Boston Midtown Cultural District Master Plan

Client MP Boston
Location Boston, MA
Project Type Master Planning
Status Completed in 2014

Handel Architects' 20-year effort in Boston was honored in 2014 with an AIANY Honor Award.

For decades, Boston’s blighted Midtown Cultural District defied previous efforts at renewal. Handel Architects' plan for the revitalization of the district has had a significant impact on investment in the area and has contributed to the renaissance of this vital area of Boston.

The initial challenge was how to insert a project of significant scale and to stimulate 24/7 activity on four irregular open lots fronting seven streets in the southern part of the district. The buildings needed to have distinct identities while acknowledging the syncopated character of historic Washington Street. Handel Architects’ work began with the two-building Ritz-Carlton, which contained a hotel, retail, a fitness club, a community daycare center, movie theaters, boutique office space, and parking, coupled with apartments. This 1.8 million sq. ft. mixed-use complex resolved its diverse program into a unique formal entity articulated at various scales. Specific tactical design “operations” organize the various podium elements and establish clear thresholds at the four street intersections. Metal canopies mark primary entries on all sides. The granite and glass towers organize the upper hotel podium while creating a meaningful civic scale gateway from Boston Common to Washington Street. The buildings opened in 2001.

Syncopated Street Wall
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Millennium Place 2

Next door, an irregular, 425,000 sf mixed-use perimeter block building of roman brick completed the ensemble.

A repeating motif of lattice metal and glass bay windows, echoing adjacent early 20th C. loft buildings, organizes the apartments. The Avery St. axis is terminated by a tower-like expression, which sponsors a series of faceted planes along the street curve.

Downtown Crossing

By the mid 2000’s, incremental investment and re-vitalization on the southern portion of the district began to achieve a self-sustaining vitality in the neighborhood. But the national consolidation of department stores coupled with competition with Big Box operations and a steady increase in internet shopping, led to the collapse of the Filene’s brand in 2006. As part of a large mixed-use project by another firm, Daniel Burnham's 1912 Filene’s Building in Downtown Crossing is gutted, and excavation is begun on an adjacent site. In 2008, the Great Recession intervenes; not unlike the recession of 1991-92 which stalled Boston Crossing and Commonwealth Center, the Great Recession halted this work in its tracks. The resultant “Big Hole” became a stark reminder of all that had been lost in this important district of the city.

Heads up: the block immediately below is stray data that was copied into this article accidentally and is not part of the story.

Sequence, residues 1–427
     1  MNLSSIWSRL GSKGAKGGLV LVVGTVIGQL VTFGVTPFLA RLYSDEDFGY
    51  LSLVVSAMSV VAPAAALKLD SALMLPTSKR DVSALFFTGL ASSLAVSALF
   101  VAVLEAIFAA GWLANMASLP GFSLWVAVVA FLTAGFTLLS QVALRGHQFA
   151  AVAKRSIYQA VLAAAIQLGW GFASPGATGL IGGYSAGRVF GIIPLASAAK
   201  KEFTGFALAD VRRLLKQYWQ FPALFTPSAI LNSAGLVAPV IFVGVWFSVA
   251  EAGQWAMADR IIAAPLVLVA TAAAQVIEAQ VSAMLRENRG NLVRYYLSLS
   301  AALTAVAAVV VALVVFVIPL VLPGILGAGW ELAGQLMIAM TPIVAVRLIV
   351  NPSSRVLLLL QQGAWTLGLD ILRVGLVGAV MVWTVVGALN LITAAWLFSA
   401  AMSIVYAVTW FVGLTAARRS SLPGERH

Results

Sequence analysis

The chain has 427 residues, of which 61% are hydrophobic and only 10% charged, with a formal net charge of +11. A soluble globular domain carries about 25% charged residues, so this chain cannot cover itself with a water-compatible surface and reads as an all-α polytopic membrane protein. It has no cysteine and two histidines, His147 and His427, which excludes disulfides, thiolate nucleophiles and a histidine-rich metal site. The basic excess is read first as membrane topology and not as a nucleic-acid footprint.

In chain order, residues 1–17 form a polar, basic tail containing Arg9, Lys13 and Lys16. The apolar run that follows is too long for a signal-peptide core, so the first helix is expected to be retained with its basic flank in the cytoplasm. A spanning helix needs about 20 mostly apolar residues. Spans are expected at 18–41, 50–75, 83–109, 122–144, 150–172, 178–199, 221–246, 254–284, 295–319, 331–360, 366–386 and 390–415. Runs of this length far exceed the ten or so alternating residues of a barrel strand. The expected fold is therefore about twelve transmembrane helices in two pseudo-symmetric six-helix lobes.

Handel Architects' Washington Street Corridor Plan was expanded to address this portion of the district. The program for the adjacent site was re-calibrated, emphasizing a substantial increase in residential density. The overall size of the project was reduced, and the emphasis on parking was reduced. The Burnham Building floor plates, with minor adjustments, prove to be a optimal size for commercial tenants.

The new massing strategy recognized the Burnham Building as an urban “set piece”, unique in form, capable of defining the immediate surroundings through scale, materiality, and articulation. The new Millennium Tower on the adjacent site is thus “joined at the hip”, connecting the first three floors of the Burnham Building with retail uses, but clearly perceived as independent along the street wall and on the civic scale. The narrow proportions of the Tower are driven by the residential program. The renovated Filene's building opened in 2014; Millennium Tower opened in 2016.

Millennium Tower Boston 15
Millennium Tower Boston 16

Taken together, the approach re-establishes the street continuity with a lively combination of materials and massing, reinterpreting the variegated neighborhood character.

These collective projects have stimulated a profound increase in pedestrian activity, new academic and renovated cultural faculties, and lasting urban re-investment. Handel Architects' effort was honored in 2014 with an AIANY Honor Award.

Take an in-depth look at Handel Architects' 20-year efforts to improve Boston's Midtown Cultural District.

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2014 Honor Award for Urban Design - AIA New York


Planning Design Architect Architect of Record


Millennium Partners